Dismiss Notice
Join Physics Forums Today!
The friendliest, high quality science and math community on the planet! Everyone who loves science is here!

Beginning Group Theory, wondering if subset of nat numbers are groups?

  1. Aug 22, 2014 #1
    I know this post is in the topology thread of this forum, for group theory, this seemed like the reasonable choice to post it in. I realize group theory is of great importance in physics and I'm trying to eventually understand Emmy Noether's theorem.

    I'm learning group theory on my own, and I'm trying to consider the "symmetry" of a certain group of natural numbers:

    Here's the idea, all natural numbers are comprised of multiples of primes. So a subset would be those comprised of 2 unique primes.

    Consider the function:

    f(x,y) = xp * yq
    where p and q are chosen unique prime numbers and x and y are natural numbers.

    can the inputs x and y, with the function itself being thought of as "the operator", (since x*p and y*q is also a condition of the operator *)?

    QUESTION 1: My main question is, can the set of (x,y) -> f(x,y) be thought of as a group? If so, what is the inverse function and identity (x,y)?

    Does this break down because a function might not necessarily be considered a "binary operation"?

    I have a feeling this is much simpler than what I'm making it out to be, my idea is to see what kind of symmetry or other symmetry-like structure(s) that prime numbers have on the generation of the natural numbers.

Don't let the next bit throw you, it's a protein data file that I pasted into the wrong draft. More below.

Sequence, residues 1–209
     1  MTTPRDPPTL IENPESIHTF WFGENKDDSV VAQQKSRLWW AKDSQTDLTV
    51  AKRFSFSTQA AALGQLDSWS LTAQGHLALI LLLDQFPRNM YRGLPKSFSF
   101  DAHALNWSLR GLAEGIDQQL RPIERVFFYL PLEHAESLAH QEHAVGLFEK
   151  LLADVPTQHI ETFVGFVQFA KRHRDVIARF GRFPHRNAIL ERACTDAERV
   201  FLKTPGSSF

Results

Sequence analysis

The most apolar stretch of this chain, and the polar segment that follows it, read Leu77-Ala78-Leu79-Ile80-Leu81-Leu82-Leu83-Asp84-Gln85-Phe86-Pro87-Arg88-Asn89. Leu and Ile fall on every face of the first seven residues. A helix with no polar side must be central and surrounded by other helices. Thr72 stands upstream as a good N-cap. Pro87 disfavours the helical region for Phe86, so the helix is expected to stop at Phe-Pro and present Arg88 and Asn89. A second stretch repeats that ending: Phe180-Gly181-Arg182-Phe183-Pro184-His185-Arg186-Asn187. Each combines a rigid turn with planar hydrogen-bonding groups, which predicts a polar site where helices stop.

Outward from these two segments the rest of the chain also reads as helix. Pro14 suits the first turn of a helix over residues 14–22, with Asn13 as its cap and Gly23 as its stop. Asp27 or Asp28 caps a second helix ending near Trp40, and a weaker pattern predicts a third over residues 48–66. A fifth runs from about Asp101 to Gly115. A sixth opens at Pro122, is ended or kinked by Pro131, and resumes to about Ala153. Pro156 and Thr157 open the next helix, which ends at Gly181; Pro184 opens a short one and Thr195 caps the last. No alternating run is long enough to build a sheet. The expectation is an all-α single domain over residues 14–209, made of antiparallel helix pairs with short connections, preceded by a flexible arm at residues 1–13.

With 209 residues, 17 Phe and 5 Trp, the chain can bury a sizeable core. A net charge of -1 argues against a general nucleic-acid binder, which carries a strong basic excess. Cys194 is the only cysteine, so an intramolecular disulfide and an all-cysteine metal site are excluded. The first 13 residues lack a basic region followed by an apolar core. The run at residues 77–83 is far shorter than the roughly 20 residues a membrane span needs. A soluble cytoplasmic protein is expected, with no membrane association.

QUESTION 2: If this isn't a group in group theory, what kind of abstract algebraic structures ought I be looking at?

    QUESTION 3: As a side note, can a finite set of 1 - n | (1, 2, 3, n) have a prime number set of "generators"? Are these primes technically group generators, or are they something else entirely different, perhaps named a "set generator"?
  2. jcsd
  3. Aug 22, 2014 #2


    User Avatar
    Science Advisor

  4. Aug 23, 2014 #3
    It's been some time since I've done any abstract algebra, but this:
    Does this break down because a function might not necessarily be considered a "binary operation"?
    is definitely not true. The whole point of groups is to find a structure that might be considered to have properties of the group. Your function is clearly a binary operation, and that's all you need to know that it will be a group if it satisfies other properties.
Share this great discussion with others via Reddit, Google+, Twitter, or Facebook